Weight training to prevent injuries
Iíve seen people mention "preventative" training on other threads but havenít managed find any details. What kind of strength and conditioning exercises can be done to help prevent injuries that people in fighting sports often suffer?
Simulate punches by hitting yuourself in the face with 10lb plates.
Originally Posted by MEGA JESUS-SAN
I'm talking about joint and movement related injuries.
Flexibility exercises for major joints and the neck can help prevent serious injury. If you have tight muscles, you will have a limited range of motion and a greater chance for injury if you exert yourself or have a great strain placed on your muscles.
Shoulders and knees tend to be the most commonly damaged joints, although any place that the body might possibly consider bending is fair game for grapplers.
Injury prevention -- on a very basic level -- is about ensuring that you're using your muscles, posture and (help me Jesus) your core properly; that you're relatively free of muscular imbalances; that you're capable of stabilizing and otherwise dealing with loads at weird angles; and that you're strong enough to maintain normal range of motion under acute stress.
I can give you examples, but I have a feeling that they'll just bore you. Here's one anyway:
Shoulder separations are fairly common. Prevention includes ensuring adequate strength and functionality of the rotator cuff muscles and the serratus anterior. External rotations (just like this fashionable fellow is performing) would be an example.
Last edited by Bang!; 10/19/2006 11:51pm at .
Examples are exactly what I want. My current weight program is basic and works the big muscles (squats, bench press, should press, rows, etc). I want to add some exercises (such as the one you listed) to help prevent injuries.
I can give you examples, but I have a feeling that they'll just bore you. Here's one anyway
See Complete Conditioning for Martial Arts by Sean Cochrane for more stuff like that.
What you have to understand is that injury prevention for someone who is already working out iis a whole other can of worms.
Originally Posted by rw4th
The exercises you've listed are all swell, but . . . It's overdoing it that usually kills people. You've got to vary both exercises and intensities to let your body recover. Basically, if it hurts, stop doing it. Coming back to the shoulders, you might already have a physical predisposition to injury, so presses may have to be subsituted out altogether if they cause any pain, while rear squats should be occasionally swapped for variations that don't put your shoulders in such an extreme range of movement (front squats, split squats, etc. are fine subs). Even the bench press is a bitch if you're sticking your elbows out like schmoes in gyms across the nation.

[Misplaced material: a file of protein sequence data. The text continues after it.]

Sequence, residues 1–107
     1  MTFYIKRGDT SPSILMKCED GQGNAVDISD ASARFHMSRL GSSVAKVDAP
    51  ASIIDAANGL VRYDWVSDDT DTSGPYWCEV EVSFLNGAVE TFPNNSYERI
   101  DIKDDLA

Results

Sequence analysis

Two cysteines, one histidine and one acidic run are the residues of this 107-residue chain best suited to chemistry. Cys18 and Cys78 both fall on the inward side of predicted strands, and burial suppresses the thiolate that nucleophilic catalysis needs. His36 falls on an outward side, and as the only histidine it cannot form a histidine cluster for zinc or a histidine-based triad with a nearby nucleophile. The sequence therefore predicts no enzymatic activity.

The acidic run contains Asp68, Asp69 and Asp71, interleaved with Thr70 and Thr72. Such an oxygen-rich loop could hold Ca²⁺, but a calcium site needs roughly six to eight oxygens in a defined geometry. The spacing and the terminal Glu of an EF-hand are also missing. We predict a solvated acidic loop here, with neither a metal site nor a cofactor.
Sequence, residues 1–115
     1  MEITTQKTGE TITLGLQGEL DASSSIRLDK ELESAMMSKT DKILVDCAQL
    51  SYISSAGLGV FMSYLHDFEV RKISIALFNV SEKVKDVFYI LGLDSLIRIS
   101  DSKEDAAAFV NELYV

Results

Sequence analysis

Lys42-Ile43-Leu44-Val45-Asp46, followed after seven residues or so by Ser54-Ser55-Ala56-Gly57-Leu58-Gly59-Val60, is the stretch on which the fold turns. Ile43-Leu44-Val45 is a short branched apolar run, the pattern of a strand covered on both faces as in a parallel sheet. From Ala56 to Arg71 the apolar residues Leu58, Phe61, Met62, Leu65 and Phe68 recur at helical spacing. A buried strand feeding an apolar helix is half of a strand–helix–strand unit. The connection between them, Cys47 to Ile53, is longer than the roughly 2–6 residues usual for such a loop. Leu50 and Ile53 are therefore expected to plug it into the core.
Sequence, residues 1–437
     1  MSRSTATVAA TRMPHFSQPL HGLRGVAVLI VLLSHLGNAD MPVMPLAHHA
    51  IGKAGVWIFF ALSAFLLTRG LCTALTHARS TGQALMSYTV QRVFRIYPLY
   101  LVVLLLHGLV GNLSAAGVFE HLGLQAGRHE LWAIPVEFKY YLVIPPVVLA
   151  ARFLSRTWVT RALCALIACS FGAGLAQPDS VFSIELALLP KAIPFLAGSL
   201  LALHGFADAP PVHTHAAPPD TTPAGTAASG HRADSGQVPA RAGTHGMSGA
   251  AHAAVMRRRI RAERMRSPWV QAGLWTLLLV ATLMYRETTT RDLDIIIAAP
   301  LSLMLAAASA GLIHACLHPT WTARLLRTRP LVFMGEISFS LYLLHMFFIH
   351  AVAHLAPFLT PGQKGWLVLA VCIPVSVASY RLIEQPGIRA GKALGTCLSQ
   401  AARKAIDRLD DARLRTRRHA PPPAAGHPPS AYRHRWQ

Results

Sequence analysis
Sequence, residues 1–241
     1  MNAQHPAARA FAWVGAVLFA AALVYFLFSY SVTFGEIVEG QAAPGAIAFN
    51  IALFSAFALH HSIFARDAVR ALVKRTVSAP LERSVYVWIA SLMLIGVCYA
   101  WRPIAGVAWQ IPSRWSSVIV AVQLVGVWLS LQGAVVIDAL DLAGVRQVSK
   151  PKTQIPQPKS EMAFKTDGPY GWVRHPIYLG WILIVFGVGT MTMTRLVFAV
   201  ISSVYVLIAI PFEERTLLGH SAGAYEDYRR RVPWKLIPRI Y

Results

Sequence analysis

You also have to look at muscular imbalances. There are too many details to get into here, but a good general rule of thumb is to look at movement and balance pushing vs. pulling; raising vs. lowering the shoulder blades; and movements where the upper arm is close to the body vs. movements where it's away from the body.
symetry, proper form and consistancy. Either hire a personal trainer to go over a routine for you or if you feel your form is good enough there are plenty of sport specific workout books out there. Knees and shoulders are the two biggest. I've had problems with both and am predisposed especially for my shoulders. One excercise that has helped immensly for preventing shoulder injury are flys or pecdeck workouts, they help strengthen the front head of the shoulders which is the weakest of the three parts of your deltoids. If you hire a trainer hire them for a couple of days tell them what specifically you want and every two or three months check in with them to tweak the regiment. You shouldn't do the same work out for more thean three to four months since the muscles will develop memory and you will plateau out.
Hello. I like these kind of threads by the way.
As pple here have pointed out, it is necessary to have good strenght and flexibility to avoid injuries. Shoulders and knees are usually the ones that pop first, but it can also be hips, ankles, neck, wrists, anything that can be bent or twisted in the human body.
Check out this post I wrote a while ago on flexibility here. In tandem, check out this other post I made last night on how to build streght to minimize the posibility of knee injuries here.
Hope it helps!
Read this for flexibility and injury prevention, this, this and this for supplementation, this on grip conditioning, and this on staph. New: On strenght standards, relationships and structural balance. Shoulder problems? Read this.
My crapuous vlog and my blog of training, stuff and crap. NEW: Me, Mrs. Macho and our newborn baby.
New To Weight Training? Get the StrongLifts 5x5 program and Rippetoe's "Starting Strength, 2nd Ed". Wanna build muscle/gain weight? Check this article. My review on Tactical Nutrition here.
t-nation - Dissecting the deadlift. Anatomy and Muscle Balancing Videos.
The street argument is retarded. BJJ is so much overkill for the street that its ridiculous. Unless you're the idiot that picks a fight with the high school wrestling team, barring knife or gun play, the opponent shouldn't make it past double leg + ground and pound - Osiris
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